#Story - Belgium

Celebrations after a delayed liberation

Hoevenen experienced turbulent times in 1944. The liberation of Antwerp on 4 September brought not the hoped-for joy, but chaos. The municipality struggled to secure food supplies. The scarcity even led to brawls in front of the doors of the town hall. It was not until 4 October that Canadian troops liberated the village, during the Battle of the Scheldt.

The Werhmacht also made itself heard regularly. They bombarded Antwerp and its surroundings with V-bombs in an attempt to undermine Allied supplies. On 2 December 1944, Leontine Van Roost had a chat with Jack, a soldier from Manchester, in café De Reiger. When the windows began to shake he pushed her to the ground with lightning speed. With a gigantic bang, windows and doors were blown away. Leontine could no longer see anything through the gigantic cloud of dust created by a V2 further away.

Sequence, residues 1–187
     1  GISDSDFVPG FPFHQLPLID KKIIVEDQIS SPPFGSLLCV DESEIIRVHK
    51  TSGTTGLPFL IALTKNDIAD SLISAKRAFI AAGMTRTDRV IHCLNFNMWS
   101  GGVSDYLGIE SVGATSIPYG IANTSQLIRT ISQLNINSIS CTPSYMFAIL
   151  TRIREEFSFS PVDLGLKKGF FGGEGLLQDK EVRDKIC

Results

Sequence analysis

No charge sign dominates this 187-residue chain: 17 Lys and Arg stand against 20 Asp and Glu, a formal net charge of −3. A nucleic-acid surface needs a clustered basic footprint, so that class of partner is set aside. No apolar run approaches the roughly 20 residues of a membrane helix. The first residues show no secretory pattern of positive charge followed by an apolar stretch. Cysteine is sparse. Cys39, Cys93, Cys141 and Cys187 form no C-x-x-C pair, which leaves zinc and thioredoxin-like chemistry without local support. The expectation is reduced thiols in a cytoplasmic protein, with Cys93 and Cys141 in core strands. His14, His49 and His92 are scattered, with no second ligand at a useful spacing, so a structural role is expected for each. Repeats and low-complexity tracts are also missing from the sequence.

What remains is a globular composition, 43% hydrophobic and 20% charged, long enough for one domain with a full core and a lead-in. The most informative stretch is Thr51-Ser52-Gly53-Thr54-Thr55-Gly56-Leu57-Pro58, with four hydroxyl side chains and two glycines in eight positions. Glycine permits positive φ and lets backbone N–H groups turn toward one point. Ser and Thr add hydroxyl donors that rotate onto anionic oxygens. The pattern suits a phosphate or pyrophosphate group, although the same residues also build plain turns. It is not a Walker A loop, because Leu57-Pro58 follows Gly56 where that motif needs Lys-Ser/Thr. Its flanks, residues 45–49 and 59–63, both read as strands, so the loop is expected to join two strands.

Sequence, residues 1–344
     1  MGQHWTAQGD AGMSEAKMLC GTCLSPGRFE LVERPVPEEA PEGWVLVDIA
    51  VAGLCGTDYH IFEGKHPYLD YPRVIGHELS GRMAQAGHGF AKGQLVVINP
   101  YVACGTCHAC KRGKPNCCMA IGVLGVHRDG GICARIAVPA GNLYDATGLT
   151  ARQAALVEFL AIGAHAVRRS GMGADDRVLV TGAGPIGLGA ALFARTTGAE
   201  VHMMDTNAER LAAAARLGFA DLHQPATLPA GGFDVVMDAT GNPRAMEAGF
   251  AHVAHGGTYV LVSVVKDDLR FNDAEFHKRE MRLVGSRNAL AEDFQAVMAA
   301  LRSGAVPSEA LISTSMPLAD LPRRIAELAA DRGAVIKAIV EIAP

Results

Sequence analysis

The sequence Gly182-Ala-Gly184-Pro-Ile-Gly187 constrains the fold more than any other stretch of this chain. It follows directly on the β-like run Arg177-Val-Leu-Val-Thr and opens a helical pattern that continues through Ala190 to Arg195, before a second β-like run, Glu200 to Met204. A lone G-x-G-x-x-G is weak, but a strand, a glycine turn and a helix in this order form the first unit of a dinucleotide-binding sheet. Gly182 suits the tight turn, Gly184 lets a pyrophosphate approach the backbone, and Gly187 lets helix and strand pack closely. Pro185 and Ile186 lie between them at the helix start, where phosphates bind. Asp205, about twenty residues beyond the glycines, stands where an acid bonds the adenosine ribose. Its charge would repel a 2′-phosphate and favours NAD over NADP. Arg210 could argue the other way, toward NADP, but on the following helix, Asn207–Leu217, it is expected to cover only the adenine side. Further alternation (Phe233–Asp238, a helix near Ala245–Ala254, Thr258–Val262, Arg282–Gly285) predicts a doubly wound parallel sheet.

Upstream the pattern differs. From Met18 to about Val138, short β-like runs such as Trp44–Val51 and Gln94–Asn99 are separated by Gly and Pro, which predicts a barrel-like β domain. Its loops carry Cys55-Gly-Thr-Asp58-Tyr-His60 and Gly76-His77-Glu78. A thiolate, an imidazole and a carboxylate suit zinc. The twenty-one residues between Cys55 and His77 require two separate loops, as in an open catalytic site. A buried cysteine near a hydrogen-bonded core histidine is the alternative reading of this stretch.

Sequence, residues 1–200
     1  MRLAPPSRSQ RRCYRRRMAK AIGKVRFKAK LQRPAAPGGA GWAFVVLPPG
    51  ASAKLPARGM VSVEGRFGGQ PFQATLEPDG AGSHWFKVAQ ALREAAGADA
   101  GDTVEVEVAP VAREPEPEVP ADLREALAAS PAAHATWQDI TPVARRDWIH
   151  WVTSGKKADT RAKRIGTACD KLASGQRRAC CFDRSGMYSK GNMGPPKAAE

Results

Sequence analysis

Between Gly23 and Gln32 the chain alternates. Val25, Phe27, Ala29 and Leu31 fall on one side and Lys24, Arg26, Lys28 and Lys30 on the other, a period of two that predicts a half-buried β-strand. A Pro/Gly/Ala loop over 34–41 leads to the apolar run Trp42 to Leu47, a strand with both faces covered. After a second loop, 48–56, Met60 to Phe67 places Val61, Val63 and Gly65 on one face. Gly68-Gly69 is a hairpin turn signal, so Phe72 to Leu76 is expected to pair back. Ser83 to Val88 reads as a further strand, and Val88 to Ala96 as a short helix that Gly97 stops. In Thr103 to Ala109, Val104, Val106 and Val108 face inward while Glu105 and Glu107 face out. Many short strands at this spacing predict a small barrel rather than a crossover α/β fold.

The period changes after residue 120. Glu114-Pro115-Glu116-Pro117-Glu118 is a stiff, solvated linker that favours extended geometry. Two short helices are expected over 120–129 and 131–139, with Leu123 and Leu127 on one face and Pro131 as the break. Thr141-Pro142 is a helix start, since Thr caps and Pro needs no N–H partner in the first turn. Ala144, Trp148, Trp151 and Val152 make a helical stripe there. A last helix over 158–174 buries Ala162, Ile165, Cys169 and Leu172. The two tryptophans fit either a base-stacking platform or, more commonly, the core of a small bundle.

In the end, the bomb would kill five people. Within a hundred-metre radius, houses had been reduced to rubble. Only the Sacred Heart statue seemed to survive the catastrophe as if by miracle. British troops from the Royal Artillery assisted in the evacuation and rescue work. The town council decided to donate a frying pan to them, as the ever-practical British were in urgent need of one. Possibly their own equipment died in the bombardment or during the gruelling march from Normandy.

The college decided to turn the stricken area into a village square. The High Road was shifted, parking spaces were provided and a new centrally located church. Frans Oomsplein was born.